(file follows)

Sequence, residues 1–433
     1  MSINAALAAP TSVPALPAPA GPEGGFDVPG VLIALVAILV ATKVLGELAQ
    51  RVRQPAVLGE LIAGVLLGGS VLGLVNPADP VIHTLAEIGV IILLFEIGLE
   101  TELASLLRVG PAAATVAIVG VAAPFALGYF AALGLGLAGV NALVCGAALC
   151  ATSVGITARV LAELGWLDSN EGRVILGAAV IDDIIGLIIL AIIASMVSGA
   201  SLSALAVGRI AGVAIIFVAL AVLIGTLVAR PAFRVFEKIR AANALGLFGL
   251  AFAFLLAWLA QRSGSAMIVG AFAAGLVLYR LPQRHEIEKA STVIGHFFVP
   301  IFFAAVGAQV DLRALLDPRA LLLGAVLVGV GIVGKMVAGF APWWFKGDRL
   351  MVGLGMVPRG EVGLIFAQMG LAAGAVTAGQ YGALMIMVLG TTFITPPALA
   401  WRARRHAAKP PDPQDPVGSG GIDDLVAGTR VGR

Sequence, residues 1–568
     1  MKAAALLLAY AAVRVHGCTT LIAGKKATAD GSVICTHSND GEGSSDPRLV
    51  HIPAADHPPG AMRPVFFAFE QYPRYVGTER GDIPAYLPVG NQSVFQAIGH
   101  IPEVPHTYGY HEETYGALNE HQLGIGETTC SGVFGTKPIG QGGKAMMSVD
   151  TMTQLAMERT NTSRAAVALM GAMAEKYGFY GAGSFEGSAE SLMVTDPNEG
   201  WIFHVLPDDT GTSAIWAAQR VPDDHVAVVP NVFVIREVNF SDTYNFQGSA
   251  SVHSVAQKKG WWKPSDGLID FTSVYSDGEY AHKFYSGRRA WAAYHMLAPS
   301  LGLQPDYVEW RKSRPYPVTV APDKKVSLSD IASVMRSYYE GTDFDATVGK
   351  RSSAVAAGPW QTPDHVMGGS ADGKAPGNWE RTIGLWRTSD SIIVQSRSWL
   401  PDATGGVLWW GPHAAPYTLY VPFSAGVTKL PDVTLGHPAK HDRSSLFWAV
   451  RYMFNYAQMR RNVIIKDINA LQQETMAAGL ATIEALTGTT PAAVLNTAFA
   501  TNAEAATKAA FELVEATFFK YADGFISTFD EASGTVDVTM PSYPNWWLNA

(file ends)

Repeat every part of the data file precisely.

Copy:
Sequence, residues 1–433
     1  MSINAALAAP TSVPALPAPA GPEGGFDVPG VLIALVAILV ATKVLGELAQ
    51  RVRQPAVLGE LIAGVLLGGS VLGLVNPADP VIHTLAEIGV IILLFEIGLE
   101  TELASLLRVG PAAATVAIVG VAAPFALGYF AALGLGLAGV NALVCGAALC
   151  ATSVGITARV LAELGWLDSN EGRVILGAAV IDDIIGLIIL AIIASMVSGA
   201  SLSALAVGRI AGVAIIFVAL AVLIGTLVAR PAFRVFEKIR AANALGLFGL
   251  AFAFLLAWLA QRSGSAMIVG AFAAGLVLYR LPQRHEIEKA STVIGHFFVP
   301  IFFAAVGAQV DLRALLDPRA LLLGAVLVGV GIVGKMVAGF APWWFKGDRL
   351  MVGLGMVPRG EVGLIFAQMG LAAGAVTAGQ YGALMIMVLG TTFITPPALA
   401  WRARRHAAKP PDPQDPVGSG GIDDLVAGTR VGR

Sequence, residues 1–568
     1  MKAAALLLAY AAVRVHGCTT LIAGKKATAD GSVICTHSND GEGSSDPRLV
    51  HIPAADHPPG AMRPVFFAFE QYPRYVGTER GDIPAYLPVG NQSVFQAIGH
   101  IPEVPHTYGY HEETYGALNE HQLGIGETTC SGVFGTKPIG QGGKAMMSVD
   151  TMTQLAMERT NTSRAAVALM GAMAEKYGFY GAGSFEGSAE SLMVTDPNEG
   201  WIFHVLPDDT GTSAIWAAQR VPDDHVAVVP NVFVIREVNF SDTYNFQGSA
   251  SVHSVAQKKG WWKPSDGLID FTSVYSDGEY AHKFYSGRRA WAAYHMLAPS
   301  LGLQPDYVEW RKSRPYPVTV APDKKVSLSD IASVMRSYYE GTDFDATVGK
   351  RSSAVAAGPW QTPDHVMGGS ADGKAPGNWE RTIGLWRTSD SIIVQSRSWL
   401  PDATGGVLWW GPHAAPYTLY VPFSAGVTKL PDVTLGHPAK HDRSSLFWAV
   451  RYMFNYAQMR RNVIIKDINA LQQETMAAGL ATIEALTGTT PAAVLNTAFA
   501  TNAEAATKAA FELVEATFFK YADGFISTFD EASGTVDVTM PSYPNWWLNA